Gertrude Stein said, "A rose is a rose is a rose." But if you think about it, a calendar is not a calendar is not a calendar. In fact, most Jews living in the United States have at least two different calendars that sometimes are telling us quite different things.

For example, as American Jews living in a mostly-accepting country that is 90% Christian and that has its roots in Rome, we tend to think of a year as something that is organized into 365 days. This solar calendar format was created arbitrarily (first by Julius Caesar in ancient Rome and later revised by Pope Gregory XIII in the 16th century) into 12 months of varying lengths--31 days in some months, 30 in others, 28 in February with an added day every four years. These Roman and Christian leaders issued decrees saying everyone must follow the Julian/Gregorian Calendar which begins each year a few days after Christmas.

So if we want to function well in a business or social world where most cell phones, iPods, Blackberry's, wall calendars, and pocket calendars are organized according to the Julian/Gregorian rules, then we probably need to utilize this Rome-decreed solar format that says confusing things about the Jewish holidays such as, "Rosh Hashanah is in October during some years and in late September in other years, but in a rare few years the Jewish new year is as early as the evening of September 8, 2010 and the day of September 9, 2010." For our kids and grandkids, nieces and nephews, that means this year that the shofar is blowing at the same time they are purchasing new pencils and erasers.


The reason for this annual disparity between the calendar of the American marketplace and the calendar of the Jewish soul is that in Judaism there is a profound and holy system of counting the days. Unlike the Julian/Gregorian calendar that forces each solar year into 365.25 days with months of varying man-made lengths, the Hebrew calendar connects us with the natural cycles of the moon and the agricultural seasons.

Each month there are a few dark nights when the new moon (and the new Hebrew month) have just begun to reflect the hidden light. Then there are a few weeks of increasing light in the night sky, followed by a full moon that makes the oceans and our pulses vibrate a little stronger than usual, and then a slowly declining amount of brightness at night until another new Hebrew month (and another hard-to-see new moon) occurs.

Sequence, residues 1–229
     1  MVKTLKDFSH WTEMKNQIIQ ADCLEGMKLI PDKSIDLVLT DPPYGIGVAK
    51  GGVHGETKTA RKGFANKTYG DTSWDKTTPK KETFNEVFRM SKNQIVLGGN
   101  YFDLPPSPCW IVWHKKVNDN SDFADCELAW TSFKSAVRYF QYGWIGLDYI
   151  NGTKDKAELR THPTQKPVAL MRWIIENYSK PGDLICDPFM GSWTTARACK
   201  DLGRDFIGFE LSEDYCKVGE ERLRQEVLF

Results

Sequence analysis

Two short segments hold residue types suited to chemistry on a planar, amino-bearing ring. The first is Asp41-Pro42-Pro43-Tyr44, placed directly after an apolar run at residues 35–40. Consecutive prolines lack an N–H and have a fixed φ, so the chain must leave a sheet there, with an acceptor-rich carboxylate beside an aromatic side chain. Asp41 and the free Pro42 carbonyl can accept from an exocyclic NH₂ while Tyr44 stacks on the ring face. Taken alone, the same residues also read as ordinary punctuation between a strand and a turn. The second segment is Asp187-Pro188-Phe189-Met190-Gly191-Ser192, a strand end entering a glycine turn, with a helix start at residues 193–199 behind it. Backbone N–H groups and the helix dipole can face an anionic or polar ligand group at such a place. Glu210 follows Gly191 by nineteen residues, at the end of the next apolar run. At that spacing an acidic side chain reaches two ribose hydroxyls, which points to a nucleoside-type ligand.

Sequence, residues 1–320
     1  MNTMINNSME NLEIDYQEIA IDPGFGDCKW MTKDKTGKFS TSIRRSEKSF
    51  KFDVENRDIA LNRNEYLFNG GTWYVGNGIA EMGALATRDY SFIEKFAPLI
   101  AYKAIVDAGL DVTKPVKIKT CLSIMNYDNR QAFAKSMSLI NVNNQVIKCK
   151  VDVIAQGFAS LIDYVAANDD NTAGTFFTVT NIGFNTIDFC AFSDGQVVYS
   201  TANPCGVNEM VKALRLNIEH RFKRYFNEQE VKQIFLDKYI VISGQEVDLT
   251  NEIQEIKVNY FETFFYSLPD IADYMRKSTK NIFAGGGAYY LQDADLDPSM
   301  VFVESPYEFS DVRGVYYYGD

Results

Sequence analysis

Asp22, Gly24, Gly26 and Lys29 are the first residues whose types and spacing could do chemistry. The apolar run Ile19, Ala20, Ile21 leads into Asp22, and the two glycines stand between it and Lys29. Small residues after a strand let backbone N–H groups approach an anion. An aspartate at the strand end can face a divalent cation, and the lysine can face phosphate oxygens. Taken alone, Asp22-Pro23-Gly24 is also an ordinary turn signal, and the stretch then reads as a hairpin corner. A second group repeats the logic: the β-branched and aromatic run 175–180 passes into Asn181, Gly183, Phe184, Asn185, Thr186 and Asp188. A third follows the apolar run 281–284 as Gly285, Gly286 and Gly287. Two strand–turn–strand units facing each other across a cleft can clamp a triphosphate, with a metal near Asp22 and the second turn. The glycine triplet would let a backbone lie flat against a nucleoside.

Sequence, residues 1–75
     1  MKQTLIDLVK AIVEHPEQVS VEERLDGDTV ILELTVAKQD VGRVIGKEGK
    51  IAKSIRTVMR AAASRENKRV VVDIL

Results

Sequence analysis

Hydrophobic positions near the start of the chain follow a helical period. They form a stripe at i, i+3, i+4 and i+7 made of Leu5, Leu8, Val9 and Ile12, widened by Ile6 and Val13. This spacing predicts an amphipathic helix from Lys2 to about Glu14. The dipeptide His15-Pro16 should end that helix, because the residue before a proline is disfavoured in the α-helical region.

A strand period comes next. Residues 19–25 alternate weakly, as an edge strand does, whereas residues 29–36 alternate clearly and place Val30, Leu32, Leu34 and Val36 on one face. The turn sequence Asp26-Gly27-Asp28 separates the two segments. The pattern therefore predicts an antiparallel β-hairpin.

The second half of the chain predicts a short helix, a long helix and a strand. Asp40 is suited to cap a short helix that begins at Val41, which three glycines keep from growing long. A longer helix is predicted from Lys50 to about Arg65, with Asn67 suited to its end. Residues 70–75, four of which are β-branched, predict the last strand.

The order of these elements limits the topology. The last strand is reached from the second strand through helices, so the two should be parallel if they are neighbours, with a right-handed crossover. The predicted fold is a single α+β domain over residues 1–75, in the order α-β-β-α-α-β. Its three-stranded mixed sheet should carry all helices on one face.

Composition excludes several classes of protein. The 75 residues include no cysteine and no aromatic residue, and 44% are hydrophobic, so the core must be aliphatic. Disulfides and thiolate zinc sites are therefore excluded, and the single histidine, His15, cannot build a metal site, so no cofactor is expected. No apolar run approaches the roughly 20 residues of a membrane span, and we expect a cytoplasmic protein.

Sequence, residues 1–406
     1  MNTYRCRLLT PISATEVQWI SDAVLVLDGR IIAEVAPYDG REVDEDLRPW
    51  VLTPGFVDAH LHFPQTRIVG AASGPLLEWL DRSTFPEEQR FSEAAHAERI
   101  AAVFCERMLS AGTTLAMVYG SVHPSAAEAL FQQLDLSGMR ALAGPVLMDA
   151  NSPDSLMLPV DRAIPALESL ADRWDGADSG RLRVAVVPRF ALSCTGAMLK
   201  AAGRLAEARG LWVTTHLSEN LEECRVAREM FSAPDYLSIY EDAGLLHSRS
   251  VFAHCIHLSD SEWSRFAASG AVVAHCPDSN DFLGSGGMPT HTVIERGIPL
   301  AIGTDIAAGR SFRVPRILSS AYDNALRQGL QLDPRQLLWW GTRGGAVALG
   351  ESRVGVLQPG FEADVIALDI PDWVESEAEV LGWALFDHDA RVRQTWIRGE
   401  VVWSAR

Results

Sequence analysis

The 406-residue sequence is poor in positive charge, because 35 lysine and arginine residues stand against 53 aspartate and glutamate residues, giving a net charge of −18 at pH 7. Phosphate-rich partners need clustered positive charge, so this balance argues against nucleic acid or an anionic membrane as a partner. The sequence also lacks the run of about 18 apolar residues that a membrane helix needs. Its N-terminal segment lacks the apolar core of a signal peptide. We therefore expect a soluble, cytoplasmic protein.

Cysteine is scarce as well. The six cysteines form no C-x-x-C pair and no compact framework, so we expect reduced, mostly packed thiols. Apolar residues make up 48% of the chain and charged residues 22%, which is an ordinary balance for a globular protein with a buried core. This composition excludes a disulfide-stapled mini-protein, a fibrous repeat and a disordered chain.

The Hebrew calendar is based on the Torah teachings of the spiritual, agricultural, and deeply personal cycles of our lives. Every 19 years there are 235 lunar months, with an extra lunar month added every 2 or 3 years. The ancient rabbis created a carefully-calibrated mathematical formula to add these extra lunar months every few years to make sure that natural events (the ripening of crops, the annual harvests, the arrival of the morning dew, the cycles of the rainy months, and the celebrations of the world-wide Jewish community) occur at the same time each year.


If you stop for a moment and think about the fact that Rosh Hashanah is much earlier in 2010 (showing up on September 8th and 9th according to the Julian/Gregorian calendar), it feels odd from a solar/American viewpoint. But on the Hebrew calendar, the holy day of Rosh Hashanah (the head of the year) shows up exactly where it always has been showing up for thousands of years--right there on the First of the month of Tishrei (a Hebrew word that means 'the beginning') when we step out of commodity time and instead find a holy way to appreciate the awe-inspiring Creative Flow that is continually taking place with every act of kindness, creativity, and renewal that we experience daily.